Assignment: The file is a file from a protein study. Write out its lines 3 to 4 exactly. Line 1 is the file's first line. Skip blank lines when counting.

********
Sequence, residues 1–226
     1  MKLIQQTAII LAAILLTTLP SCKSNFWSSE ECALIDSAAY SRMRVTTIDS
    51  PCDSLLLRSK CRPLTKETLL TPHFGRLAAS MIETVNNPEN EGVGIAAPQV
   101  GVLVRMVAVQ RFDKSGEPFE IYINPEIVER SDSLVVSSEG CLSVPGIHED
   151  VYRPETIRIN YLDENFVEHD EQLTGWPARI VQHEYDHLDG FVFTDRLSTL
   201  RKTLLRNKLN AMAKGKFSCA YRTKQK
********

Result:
    51  PCDSLLLRSK CRPLTKETLL TPHFGRLAAS MIETVNNPEN EGVGIAAPQV
   101  GVLVRMVAVQ RFDKSGEPFE IYINPEIVER SDSLVVSSEG CLSVPGIHED